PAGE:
Justice League : Doom is definitely worth a look if you don’t know anything about it going in, and maybe worth at least a disinterested look even if you do, and should you decide to go ahead and do so it’s available on both DVD and Blu-Ray from Warner Premier. I got the DVD from Netflix and found it to be, as is par for the course with these DCU titles, free of extras apart from promo stuff for other movies in the range, but I’m sure the Blu-Ray has a few goodies not found elsewhere. The widescreen picture and 5.1 sound mix are, as always, top-notch.

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So that’s the book on this one, then. Perhaps not the most informative review you’re likely to find about it, but trust me — the less you know, the more you’re apt to like it.

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What the hell, these reviews of titles in Warner Premiere’s “DC Universe” straight-to-video animation line seem to be getting a reasonably healthy response around these parts, so let’s plug away and do at least a couple more until I’m bored with the whole thing and feel like getting back to horror, exploitation, and all that other good stuff, shall we? And seeing as how our first entrants in this little sidebar series took a look at the two-part Dark Knight Returns, based on Frank Miller’s justifiably legendary take on the “omega” phase of Batman’s crime-fighting career,  it seems only right that we next turn our attentions to 2011’s animated adaptation of Batman : Year One, based on Miller and artist David Mazzuchelli’s take on the Caped Crusader’s “alpha” period.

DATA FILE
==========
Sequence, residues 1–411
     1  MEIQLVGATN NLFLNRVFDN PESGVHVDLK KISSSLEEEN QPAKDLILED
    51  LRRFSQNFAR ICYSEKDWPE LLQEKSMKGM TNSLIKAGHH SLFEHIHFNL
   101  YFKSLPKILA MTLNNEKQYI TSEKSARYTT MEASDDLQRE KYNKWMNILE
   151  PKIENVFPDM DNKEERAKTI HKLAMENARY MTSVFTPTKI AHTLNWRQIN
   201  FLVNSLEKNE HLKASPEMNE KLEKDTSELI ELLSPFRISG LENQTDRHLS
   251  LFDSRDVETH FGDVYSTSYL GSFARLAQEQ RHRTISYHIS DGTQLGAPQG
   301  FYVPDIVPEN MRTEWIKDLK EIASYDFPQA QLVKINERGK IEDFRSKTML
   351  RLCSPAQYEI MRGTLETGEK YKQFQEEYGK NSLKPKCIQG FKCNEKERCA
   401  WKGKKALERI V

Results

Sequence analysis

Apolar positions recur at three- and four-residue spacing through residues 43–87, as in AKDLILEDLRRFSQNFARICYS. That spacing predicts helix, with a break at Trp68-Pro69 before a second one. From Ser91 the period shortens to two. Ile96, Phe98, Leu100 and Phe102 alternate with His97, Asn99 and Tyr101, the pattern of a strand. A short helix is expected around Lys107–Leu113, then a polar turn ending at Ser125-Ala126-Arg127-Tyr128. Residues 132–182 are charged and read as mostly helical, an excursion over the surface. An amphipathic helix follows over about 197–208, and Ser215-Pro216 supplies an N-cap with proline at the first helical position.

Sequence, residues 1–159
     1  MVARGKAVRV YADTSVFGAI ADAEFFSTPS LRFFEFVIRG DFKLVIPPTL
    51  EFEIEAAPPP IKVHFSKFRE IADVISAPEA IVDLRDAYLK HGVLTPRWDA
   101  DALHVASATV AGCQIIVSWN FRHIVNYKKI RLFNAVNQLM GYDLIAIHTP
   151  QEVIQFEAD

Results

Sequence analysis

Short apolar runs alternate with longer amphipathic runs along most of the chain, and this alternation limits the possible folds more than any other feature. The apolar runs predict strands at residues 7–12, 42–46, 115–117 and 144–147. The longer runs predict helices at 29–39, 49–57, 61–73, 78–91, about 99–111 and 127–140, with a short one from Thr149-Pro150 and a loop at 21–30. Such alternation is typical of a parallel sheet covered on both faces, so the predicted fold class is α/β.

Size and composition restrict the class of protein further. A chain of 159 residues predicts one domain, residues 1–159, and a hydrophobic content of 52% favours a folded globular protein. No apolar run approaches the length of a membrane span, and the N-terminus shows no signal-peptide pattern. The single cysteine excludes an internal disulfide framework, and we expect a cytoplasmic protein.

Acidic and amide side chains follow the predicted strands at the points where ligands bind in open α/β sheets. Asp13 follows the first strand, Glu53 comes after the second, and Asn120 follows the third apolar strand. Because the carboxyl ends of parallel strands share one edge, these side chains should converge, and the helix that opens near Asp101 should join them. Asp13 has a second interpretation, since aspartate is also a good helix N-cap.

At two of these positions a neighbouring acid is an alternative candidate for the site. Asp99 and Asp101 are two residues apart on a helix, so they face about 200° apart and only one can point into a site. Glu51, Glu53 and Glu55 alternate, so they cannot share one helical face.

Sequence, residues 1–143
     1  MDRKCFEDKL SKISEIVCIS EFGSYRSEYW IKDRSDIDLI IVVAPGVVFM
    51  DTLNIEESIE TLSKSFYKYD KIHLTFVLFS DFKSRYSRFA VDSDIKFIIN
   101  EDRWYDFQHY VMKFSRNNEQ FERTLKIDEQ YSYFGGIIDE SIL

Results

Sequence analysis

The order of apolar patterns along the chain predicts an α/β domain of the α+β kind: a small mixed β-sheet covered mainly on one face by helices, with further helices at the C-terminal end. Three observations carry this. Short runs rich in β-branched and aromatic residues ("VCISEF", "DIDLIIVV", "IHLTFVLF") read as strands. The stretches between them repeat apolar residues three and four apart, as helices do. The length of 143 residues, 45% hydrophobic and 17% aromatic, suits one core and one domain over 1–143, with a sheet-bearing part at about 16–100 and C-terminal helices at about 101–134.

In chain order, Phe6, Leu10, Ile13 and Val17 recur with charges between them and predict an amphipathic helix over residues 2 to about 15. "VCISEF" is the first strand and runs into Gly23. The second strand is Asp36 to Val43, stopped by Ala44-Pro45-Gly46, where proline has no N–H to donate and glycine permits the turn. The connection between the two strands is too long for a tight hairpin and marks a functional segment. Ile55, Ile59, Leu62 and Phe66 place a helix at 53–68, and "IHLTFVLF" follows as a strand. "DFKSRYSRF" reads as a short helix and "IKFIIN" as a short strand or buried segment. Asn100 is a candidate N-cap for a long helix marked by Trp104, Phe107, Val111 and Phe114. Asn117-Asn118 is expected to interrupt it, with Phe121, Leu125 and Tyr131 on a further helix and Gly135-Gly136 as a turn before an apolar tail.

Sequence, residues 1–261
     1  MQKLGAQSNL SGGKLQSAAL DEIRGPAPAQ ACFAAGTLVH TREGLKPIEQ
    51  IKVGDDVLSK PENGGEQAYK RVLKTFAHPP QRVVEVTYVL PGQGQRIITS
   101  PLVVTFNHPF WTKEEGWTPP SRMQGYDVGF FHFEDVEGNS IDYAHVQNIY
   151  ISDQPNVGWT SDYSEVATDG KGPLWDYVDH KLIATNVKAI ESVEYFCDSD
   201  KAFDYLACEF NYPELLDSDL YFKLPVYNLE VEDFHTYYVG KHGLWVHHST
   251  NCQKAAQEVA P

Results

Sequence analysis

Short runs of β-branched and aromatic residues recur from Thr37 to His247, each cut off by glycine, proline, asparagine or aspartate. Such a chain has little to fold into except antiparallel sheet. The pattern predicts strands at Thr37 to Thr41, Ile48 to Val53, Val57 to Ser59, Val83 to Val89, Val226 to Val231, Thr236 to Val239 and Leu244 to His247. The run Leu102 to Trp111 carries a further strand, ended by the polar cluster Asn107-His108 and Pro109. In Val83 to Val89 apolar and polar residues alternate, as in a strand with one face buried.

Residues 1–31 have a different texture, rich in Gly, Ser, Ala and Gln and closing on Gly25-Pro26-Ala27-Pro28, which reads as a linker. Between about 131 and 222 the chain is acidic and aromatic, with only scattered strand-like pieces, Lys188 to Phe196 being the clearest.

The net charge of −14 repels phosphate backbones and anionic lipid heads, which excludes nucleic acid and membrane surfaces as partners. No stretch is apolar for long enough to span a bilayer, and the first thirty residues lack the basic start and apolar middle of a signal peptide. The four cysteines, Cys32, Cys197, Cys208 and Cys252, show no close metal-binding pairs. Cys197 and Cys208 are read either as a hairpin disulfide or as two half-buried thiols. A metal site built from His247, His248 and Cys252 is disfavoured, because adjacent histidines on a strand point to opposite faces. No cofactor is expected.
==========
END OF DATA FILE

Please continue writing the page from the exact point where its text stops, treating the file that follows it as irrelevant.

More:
Again, a little background for those not steeped in comic lore : hot on the heels of the success of The Dark Knight mini-series, Bat-books editor-at-the-time Denny O’Neil (a fairly accomplished author of numerous well-regarded Batman stories in his own right), approached said title’s creator, Frank Miller, with a proposal to essentially give him carte-blanche to retell the Gotham Guardian’s origin story as a way of “re-setting the table” on the regular monthly Batman series. Miller agreed, but only wanted to write it, bringing in as his artistic partner on the project one David Mazzuchelli, with whom he had collaborated on a recent run of stories for Marvel’s Daredevil book. Mazzuchelli bought a distinctly noir-ish and cinematic sensibility to the proceedings, and the end result , while admittedly a fairly basic, if extrapolated, take on events we already knew which sees Bruce Wayne return to Gotham to embark on his one-man war on crime, form an uneasy alliance with then-Lieutenant Jim Gordon (who seems to be one of the few honest cops in town), have his first series of encounters with a prostitute-turned-cat-burglar named Selina Kyle, and go after the beating heart of the city’s organized crime operation in the form of Carmine “The Roman” Falcone, is nonetheless a deeply resonant character-driven piece with a pleasing “pulp detective” artistic sensibility that feels both nostalgic and oddly contemporary at the same time. If the word timeless comes to mind from the brief run-down just provided, you wouldn’t be too far off the mark, as this brief-but-no-doubt historic four-issue Batman run, which has since been collected in near-innumerable paperback and hardcover iterations, feels as fresh and vital today as it did when first published way back in 1987.